He keyed in on Rep. Paul Ryan's (R-Wisc.) Medicare reform plan that would give seniors vouchers to buy coverage, instead of the coverage itself. That's all well and good, until premiums increase - which premiums have a habit of doing.
Waxman, a Democrat from California, brought up Anthem BlueCross's recently-proposed 39 percent increases.
"Could you imagine, seniors, if you have to go shopping with your vouchers, and by the way this private policy that you're going to have to buy just went up 39 percent? And the way to save the federal government money is to shift it onto the seniors, that's where we're headed if we don't do anything," Waxman said.
He continued along those lines for another six minutes, urging the president to push forward with comprehensive reform.
"Mr. President, you're not going to be able to do this piecemeal," he said. "I have doubts about whether the Republicans are going to help you, because I haven't heard a lot of willingness to come to work with you now or a year ago. I hope I'm wrong."
Obama interrupted him. "I'm going to be equal opportunity here and say we're not making campaign speeches right now," he scolded.
Watch the exchange:
4:50 PM ET -- Rangel Reality Check. Rep. Charlie Rangel (D-NY) offered this during his remarks in the waning minutes of the summit: "I don't really think somebody sick in the emergency room is concerned about the size of the bill."
4:15 PM ET -- Professor Obama strikes back. From HuffPost's Sam Stein: Earlier today, Rep. Mike Pence (R-Ind.) criticized President Obama for acting, during the day's health care summit, like he was a professor in front of a classroom of petulant Republican schoolchildren.
The analogy seemed a bit harsh -- until Minority Leader John Boehner got the microphone roughly an hour later to play the part of unruly school kid to a tee.
During a segment of the meeting devoted to cost control and federal entitlements, Boehner instead trotted out just about every single GOP scare story about the bill - insisting it was a government takeover, calling it a massive bureaucratic mess, and even remarking about the number of pages in the legislation.
Obama's reply: "John, you know, the challenge I have here, and it happens periodically, is every so often we have a pretty good conversation trying to get on some specifics, and then we go back to, you know, the standard talking points that the Democrats and Republicans have had for the last year. And that doesn't drive us to an agreement on issues."
Read the full story.
4:00 PM ET -- John Barasso's stethoscope. He's a doctor and a senator and President Obama got an earful from Sen. John Barasso (R-Wyoming) on Thursday. Barasso even called to mind the moment in medical school when he received his stethoscope.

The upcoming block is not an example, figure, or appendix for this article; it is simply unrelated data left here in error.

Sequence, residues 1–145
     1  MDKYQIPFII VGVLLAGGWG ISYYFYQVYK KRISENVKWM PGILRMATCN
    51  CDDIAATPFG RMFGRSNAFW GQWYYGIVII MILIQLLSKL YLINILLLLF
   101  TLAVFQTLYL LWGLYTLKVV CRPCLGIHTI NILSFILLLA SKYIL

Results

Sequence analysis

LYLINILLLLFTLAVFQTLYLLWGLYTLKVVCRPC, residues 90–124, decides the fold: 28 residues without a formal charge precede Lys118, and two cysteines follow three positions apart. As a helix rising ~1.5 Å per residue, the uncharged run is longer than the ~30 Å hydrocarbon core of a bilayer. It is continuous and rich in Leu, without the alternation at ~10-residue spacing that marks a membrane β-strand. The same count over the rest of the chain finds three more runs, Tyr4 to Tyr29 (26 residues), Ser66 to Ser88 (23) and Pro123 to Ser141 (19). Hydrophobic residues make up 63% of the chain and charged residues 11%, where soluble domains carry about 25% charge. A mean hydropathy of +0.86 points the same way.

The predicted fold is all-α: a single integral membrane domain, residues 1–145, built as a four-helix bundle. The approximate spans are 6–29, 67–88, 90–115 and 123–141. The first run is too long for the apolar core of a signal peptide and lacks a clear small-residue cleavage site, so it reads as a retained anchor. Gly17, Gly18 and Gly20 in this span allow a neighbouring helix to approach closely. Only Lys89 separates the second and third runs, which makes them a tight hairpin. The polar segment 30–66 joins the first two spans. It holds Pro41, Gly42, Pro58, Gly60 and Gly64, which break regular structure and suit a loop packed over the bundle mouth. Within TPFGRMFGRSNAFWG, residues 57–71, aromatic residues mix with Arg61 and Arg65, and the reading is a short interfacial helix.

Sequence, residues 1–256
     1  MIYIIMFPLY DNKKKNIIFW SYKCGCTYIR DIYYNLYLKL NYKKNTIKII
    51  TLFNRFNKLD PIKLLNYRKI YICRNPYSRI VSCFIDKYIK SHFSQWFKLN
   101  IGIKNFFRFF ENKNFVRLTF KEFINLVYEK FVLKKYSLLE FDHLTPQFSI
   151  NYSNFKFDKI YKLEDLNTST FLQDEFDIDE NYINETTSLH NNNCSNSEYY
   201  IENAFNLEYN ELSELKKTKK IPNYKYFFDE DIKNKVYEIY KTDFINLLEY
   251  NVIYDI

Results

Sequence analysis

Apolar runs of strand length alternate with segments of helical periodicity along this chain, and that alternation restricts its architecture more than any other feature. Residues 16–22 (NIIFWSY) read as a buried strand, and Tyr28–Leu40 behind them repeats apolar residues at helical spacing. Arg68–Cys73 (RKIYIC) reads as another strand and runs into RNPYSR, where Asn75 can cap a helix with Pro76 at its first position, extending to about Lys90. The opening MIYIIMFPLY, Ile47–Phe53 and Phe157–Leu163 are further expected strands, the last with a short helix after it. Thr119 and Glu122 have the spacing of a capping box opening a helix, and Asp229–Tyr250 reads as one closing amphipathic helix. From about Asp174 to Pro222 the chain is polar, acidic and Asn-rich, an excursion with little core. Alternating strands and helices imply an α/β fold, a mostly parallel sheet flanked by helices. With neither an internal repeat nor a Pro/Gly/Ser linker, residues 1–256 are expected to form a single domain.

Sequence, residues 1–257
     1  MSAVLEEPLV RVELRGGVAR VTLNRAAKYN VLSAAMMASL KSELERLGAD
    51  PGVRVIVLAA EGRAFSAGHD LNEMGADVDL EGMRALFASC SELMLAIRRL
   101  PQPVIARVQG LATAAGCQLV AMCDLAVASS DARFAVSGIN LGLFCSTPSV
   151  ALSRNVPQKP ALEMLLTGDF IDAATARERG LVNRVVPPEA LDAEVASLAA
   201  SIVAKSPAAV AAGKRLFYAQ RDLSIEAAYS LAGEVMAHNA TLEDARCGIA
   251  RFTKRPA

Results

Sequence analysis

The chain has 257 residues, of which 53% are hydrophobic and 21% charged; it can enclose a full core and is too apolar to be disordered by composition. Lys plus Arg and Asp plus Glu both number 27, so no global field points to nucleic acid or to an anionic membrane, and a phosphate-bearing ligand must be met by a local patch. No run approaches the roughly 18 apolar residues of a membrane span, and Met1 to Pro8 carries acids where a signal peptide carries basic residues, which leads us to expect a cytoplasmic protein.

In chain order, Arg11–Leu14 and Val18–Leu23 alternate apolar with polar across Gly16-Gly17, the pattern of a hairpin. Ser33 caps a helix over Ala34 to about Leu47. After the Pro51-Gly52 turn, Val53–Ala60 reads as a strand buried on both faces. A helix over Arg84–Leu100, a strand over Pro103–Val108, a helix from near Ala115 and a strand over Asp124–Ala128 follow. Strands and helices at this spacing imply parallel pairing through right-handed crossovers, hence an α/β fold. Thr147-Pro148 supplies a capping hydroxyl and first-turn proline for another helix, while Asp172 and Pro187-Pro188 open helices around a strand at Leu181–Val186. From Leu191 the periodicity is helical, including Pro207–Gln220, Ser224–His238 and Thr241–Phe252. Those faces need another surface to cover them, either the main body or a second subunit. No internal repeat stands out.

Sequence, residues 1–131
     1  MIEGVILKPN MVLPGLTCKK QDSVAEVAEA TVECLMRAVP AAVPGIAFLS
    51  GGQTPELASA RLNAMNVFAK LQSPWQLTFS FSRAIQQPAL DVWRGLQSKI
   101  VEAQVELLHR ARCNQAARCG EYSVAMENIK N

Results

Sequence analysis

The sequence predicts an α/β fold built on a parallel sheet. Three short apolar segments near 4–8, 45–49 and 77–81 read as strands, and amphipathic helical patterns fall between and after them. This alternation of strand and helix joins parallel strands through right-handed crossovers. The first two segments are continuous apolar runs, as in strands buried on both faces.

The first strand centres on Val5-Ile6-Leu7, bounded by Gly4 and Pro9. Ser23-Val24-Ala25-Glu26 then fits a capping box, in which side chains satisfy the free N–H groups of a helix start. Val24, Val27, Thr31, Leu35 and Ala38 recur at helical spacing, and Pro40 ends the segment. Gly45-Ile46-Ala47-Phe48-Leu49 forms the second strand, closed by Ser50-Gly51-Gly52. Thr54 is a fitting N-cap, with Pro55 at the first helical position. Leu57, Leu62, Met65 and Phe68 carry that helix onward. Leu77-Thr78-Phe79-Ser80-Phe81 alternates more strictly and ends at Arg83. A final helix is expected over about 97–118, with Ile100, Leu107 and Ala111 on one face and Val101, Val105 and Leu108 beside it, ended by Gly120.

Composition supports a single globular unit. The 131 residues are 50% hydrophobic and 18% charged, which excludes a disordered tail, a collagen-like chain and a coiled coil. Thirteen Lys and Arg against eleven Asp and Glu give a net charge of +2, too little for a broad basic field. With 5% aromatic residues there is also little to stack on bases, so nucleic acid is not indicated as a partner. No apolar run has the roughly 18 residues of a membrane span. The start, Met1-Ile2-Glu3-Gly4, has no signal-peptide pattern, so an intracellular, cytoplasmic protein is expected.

"This is to listen," Barrasso said, recalling the words of one of this professors.
"I have great concern that people around this table are not listening to the American people," he added. Echoing one of the GOP's main talking points, Barrasso said that the entire health care reform process should "start over."
3:40 PM ET -- The reconciliation debate. President Obama and Sen. John McCain aired their differences on the issue of reconciliation for the health care bill. McCain told Obama that he did not think reconciliation should be used for a bill of this magnitude, adding that he thought it "could harm the future of our country" (and of the Senate).
Obama responded that he did not think the American people cared all that much about the procedures of Congress and were more focused on getting a reform bill passed.
Democratic operative Donna Brazile offered her take on the exchange on her Twitter feed: "Sen McCain just raised the issue of reconciliation," Brazile wrote. "Pardon me. This is part of the legislative process. Dems must not fear using it."
3:30 PM ET -- Get the whole story. Click here for an updated transcript of the health care summit proceedings so far today.
3:25 PM ET -- The public option push. When Congresswomen Barbara Lee and Lynn Woolsey arrived at the Blair House with a stack of letters backing the public option to hand out Thursday morning before the health care summit, they ran into a thick wall of security.
"Are you on the list?" they were asked, Woolsey (D-Calif.) recounted to HuffPost. "Well, no," she said.
She still managed to get a copy of a document to House Majority Leader Steny Hoyer (D-Md.), titled "Put the Public Option on the Table Today," and printed on Congressional Progressive Caucus letterhead. Lee (D-Calif.) was on hand to deliver a letter from the Congressional Black Caucus.
Hoyer was glad to raise the issue, he told HuffPost in the Capitol during a break in the summit proceedings. "The public option is still a serious issue for us. We understand there are people that don't agree with that. Republicans talk about competition. We believe that enhances competition."